9.) O. Fournier (Mendoza, Argentina) At a special event that brought in Michelin star chef Ralf Haug of Germany’s niXe into the kitchen, I was treated to a half dozen plates that weren’t just an excellent cut of beef, plus the spectrum of O. Fournier’s reserve wines.
10.) Brasil a Gosto (São Paulo, Brazil) The menu of chef Ana Luiza Trajan’s Jardins restaurant is based on a book she wrote that visited 47 different cities in the country. I savored every bite of my skewers of grilled cheese curd (queijo coalho na chapa) drizzled in sugarcane syrup, pork tenderloin with smoky jaboticaba cherry sauce, and the unique cocada. This is a restaurant I’ll visit again and again. Read my review here.
11.) Vera (Cartagena, Colombia) Inside Cartagena’s super cool Tcherassi Hotel+Spa is, Mario Batali alum Daniel Castaño’s killer coastal Italian restaurant. My secondi, the Maiale (suckling pig, fennel, broth, and honey) was one of the most satisfying dishes I have ever eaten. Read my review here.
12.) Lef Restaurant at Espejo de Luna (Chiloe, Chile)I heard about this strange restaurant set in a structure that resembles an overturned boat only days before my November visit.So remote that it is almost impossible to find (you can see Corcovado from the windows), but the menu at Lef that’s sourced locally from Chilote farmers and fishermen is beyond intelligent. Murtas, mussels, nalca, salmon, and lamb, oh my.
13.) Bonuar (Medellin, Colombia) Inside of Medellin’s Museo de Arte Moderno, Colombian Creole fusion restaurant Bonuar was a big surprise and was instantly one of my favorite restaurants in Colombia. Squid with Green Papaya and the Fu Fu de Cerdo (Pork cooked in coconut milk with green plantain puree) were revelations.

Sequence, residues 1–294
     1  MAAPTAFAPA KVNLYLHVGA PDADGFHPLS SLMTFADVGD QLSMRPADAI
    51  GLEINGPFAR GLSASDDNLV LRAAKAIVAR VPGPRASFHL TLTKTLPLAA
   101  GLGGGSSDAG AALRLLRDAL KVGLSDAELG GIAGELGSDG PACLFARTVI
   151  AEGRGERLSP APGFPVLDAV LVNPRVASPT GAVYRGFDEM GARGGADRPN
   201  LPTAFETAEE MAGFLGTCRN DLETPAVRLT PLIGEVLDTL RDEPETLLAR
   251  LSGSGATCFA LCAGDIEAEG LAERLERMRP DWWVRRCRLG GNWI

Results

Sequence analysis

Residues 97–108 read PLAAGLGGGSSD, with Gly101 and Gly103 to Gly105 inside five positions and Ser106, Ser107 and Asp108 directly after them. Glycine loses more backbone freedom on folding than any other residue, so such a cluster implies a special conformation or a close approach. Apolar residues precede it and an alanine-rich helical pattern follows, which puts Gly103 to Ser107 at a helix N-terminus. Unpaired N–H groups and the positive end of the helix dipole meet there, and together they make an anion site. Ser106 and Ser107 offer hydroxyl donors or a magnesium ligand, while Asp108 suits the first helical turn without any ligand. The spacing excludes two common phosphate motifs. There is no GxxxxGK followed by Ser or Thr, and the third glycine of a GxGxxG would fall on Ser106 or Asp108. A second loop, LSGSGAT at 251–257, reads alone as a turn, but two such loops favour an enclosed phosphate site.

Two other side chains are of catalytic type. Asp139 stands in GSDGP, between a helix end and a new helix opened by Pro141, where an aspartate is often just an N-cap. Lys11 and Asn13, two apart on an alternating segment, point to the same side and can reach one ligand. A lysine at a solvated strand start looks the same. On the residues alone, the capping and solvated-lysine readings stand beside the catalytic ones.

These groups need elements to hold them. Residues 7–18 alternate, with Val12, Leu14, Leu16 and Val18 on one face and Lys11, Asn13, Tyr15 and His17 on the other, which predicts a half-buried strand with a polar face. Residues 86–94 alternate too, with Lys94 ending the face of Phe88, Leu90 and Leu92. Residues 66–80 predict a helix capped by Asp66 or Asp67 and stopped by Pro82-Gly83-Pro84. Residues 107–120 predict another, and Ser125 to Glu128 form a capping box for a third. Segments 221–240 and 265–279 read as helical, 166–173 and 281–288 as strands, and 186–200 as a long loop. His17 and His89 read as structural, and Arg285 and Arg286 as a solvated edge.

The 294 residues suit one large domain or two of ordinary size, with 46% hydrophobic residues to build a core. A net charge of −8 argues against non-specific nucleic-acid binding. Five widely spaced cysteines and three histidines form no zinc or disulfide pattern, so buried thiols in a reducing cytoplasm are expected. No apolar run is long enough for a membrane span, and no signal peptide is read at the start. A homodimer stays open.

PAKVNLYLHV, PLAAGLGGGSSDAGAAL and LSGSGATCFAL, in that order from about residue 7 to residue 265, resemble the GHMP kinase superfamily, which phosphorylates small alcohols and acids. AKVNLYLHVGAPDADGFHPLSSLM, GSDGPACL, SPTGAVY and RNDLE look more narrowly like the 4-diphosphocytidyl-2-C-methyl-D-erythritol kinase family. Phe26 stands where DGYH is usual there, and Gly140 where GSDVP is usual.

14.) Taqueria El Fogón (Playa del Carmen, Mexico) Walking around Playa del Carmen with writer friend Jordan Simon late one night in the hunt for some street tacos, we stumbled upon this open air taqueria that I soon learned was a cult favorite. A wood fired grill, lechon al pastor, made from scratch hot sauces, icy micheladas…all the right combinations for an incredible Mexican meal in a sea of overpriced touristy restaurants.
15.) Rockaway Taco (Queens, New York) When summer temperatures in New York reached above one hundred degrees Fahrenheit this past summer I made my first trip to Long Beach and stopped by this Rockaway taco stand en route. Never has a breaded fish taco been so satisfying.
16.) Mistura Gastronomy Festival (Lima, Peru)
17.) Palador 1900 (Arequipa, Peru)
18.) Fatty Cue (Brooklyn, New York)
19.) La Cabrera (Buenos Aires, Argentina)
20.) Locanda Verde (New York City, New York)
21.) Osadia (Santiago, Chile)
22.) Explora’s Posada de Mike Rapu(Easter Island)
23.) Al Frio y Al Fuego (Iquitos, Peru)
24.) Algodon Mansion (Buenos Aires, Argentina)
25.) La Sirena (Mancora, Peru)
26.) Fish Market (Reykjavík, Iceland)
27.) Zazu (Quito, Ecuador)
28.) La Pescaderia (Callao, Peru)
29.) Francis Mallman 1884 (Mendoza, Argentina)
30.) Malabar(Lima, Peru)
31.) Hakahanu (Easter Island)
32.) Silfur (Reykjavik, Iceland)
33.) El Mercado (Lima, Peru)
34.) Donde Teresa? (Mancora, Peru)
35.) El Huacatay (Urubamba, Peru)
36.) Mile End (Brooklyn, New York)
37.) Tanoreen (Brooklyn, New York)
38.) Xoco (Chicago, Illinois)
39.) La Kaleta (Easter Island)
40.) Limo Cocina Peruano & Pisco Bar (Cuzco, Peru)
Writer and photographer Nicholas Gill is the editor/publisher of New World Review. He lives in Lima, Peru and Brooklyn, New York. His work has appeared in publications such as the New York Times, Los Angeles Times, CondeNast Traveler, National Geographic Traveler, Afar, and Penthouse. Visit his personal website (nicholas-gill.com) for more information.